For a second time in a two-week span, Kenora has been hit with a significant amount of snow causing crews to switch into overdrive. 

From Monday night (January 31) until Tuesday (February 1) Kenora received just shy of 20 cm of snow after a westerly snowstorm blew through the area.

In terms of snow clearing efforts, Kevin Gannon, Director of Engineering and Infrastructure said crews are out of the reaction mode.

“Our teams have done a fantastic job. We were actually able to get into some of the residential areas for removing snow, which shows how well the team was working to manage the changes that were presented to them. We usually don’t hit residential areas for a good 24 hours after the event,” Gannon said.

Moving forward into Wednesday Gannon said the plan of attack is to continue cleaning up the residential areas, along with laying down additional sand.

As per the city’s priority mapping system for snow clearing, priority two roads, which are outlined in blue, crews will do their efforts to clear the road in 24 hours following an event.

Priority three roads, which are in green will be cleared once priority one and two roads have been plowed.

The winter conditions that Kenora faced forced Gannon to issue a Special Weather Event.

“We had multiple different conditions we had freezing rain, we had heavy snow periods and gusting winds. We wanted to make sure we had the ability to advise the customers that these conditions have caused poor conditions within the road system,” Gannon said.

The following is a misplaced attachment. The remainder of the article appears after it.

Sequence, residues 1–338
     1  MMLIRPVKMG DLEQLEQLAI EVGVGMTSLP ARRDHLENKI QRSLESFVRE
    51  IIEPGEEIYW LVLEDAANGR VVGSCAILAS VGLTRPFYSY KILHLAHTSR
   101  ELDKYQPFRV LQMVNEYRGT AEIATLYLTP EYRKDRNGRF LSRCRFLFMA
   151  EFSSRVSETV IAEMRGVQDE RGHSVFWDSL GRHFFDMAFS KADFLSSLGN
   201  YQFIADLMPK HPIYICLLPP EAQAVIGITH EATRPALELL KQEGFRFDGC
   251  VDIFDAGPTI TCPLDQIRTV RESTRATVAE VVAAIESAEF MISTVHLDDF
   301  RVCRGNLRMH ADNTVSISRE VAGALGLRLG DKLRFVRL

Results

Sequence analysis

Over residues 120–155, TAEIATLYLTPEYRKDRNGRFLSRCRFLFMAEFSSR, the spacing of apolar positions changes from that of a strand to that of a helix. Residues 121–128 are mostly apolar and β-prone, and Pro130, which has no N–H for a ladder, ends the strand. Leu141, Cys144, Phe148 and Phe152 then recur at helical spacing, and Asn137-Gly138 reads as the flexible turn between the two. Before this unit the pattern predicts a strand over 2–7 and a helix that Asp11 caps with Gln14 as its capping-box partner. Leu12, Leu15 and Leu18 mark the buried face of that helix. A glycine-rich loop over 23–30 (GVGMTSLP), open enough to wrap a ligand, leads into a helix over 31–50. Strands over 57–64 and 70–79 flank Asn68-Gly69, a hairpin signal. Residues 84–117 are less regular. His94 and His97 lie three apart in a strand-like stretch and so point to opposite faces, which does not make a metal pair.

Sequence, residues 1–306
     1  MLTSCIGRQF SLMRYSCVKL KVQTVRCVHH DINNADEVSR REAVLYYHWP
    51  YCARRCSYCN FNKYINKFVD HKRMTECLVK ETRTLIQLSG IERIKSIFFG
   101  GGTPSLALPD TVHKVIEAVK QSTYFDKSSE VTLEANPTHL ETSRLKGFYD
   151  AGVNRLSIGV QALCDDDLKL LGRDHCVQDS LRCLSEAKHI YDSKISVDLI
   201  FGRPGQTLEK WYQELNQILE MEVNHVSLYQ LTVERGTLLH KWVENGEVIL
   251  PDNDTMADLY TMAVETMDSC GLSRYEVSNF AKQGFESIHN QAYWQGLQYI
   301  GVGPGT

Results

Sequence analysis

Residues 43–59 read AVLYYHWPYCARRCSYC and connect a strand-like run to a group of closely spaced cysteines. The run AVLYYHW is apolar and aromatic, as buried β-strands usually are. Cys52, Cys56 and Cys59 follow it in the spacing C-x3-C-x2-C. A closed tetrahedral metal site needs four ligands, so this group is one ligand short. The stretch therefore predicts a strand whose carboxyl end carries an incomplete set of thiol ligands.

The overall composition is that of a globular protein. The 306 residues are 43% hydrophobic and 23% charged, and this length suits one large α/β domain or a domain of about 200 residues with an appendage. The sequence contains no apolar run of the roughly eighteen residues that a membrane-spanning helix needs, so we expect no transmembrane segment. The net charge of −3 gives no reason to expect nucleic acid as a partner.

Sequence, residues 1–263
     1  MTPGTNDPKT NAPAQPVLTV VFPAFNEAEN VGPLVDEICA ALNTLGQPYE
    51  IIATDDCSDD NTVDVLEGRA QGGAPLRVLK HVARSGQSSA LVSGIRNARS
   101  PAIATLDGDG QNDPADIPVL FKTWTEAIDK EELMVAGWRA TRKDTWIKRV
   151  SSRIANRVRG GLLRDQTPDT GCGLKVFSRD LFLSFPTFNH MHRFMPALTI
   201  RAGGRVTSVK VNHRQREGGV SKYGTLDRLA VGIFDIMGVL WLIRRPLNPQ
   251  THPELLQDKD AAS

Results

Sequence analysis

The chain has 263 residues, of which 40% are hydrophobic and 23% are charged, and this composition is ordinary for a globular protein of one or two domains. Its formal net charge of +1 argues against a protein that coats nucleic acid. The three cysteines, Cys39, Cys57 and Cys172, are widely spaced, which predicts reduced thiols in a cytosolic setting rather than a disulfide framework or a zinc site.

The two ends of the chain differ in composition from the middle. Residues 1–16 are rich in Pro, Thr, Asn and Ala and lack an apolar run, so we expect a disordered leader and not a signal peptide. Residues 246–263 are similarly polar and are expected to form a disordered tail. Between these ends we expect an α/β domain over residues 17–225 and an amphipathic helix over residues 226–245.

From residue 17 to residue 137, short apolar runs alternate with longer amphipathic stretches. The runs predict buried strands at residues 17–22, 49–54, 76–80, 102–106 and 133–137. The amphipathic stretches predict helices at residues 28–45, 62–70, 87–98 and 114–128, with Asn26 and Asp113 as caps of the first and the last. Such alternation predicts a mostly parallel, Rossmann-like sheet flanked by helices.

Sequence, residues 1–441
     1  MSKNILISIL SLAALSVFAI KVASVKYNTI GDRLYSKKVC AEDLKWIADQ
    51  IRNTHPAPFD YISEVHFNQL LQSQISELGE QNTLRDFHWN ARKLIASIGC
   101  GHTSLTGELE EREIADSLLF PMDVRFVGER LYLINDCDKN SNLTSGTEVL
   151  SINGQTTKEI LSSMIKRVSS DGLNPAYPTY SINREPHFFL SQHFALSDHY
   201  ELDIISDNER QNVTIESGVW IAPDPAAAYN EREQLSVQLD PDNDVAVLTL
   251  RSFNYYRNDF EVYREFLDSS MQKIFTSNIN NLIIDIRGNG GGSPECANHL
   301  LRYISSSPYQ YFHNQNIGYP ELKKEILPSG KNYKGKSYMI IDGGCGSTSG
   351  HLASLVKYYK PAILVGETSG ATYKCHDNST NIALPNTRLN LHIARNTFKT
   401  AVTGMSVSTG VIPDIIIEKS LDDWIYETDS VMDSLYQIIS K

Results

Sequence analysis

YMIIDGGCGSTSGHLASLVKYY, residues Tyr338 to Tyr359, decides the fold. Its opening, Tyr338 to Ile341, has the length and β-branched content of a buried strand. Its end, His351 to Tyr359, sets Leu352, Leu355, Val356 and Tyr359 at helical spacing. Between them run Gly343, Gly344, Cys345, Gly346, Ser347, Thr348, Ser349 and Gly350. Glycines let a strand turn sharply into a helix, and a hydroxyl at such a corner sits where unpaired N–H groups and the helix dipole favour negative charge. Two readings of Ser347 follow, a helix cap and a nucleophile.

The city declared a Significant Weather Event last month due to the January 18 snowfall.

Declaring such an event allows the city a little more time and leniency to get their service levels back to where they need to be to manage the snow event.

On Monday night the area received freezing rain, which along with the sudden drop in temperatures caused very slippery roads throughout the city.

“Within our organization, we use salt and sand on the roads. The majority of the salt we use is only in certain areas. It’s only effective up to minus 21, once it gets past minus 18 the effectiveness is not there.”

“Our efforts were just trying to get enough of the snow removed during that time so it couldn’t seep into the pavement and would be moving to the exterior of the roads. With the blowing snow, it was really upward battle for the team.”

Gannon concluded by showing gratitude for his team for their great effort, and customers for their patience and diligence on the road.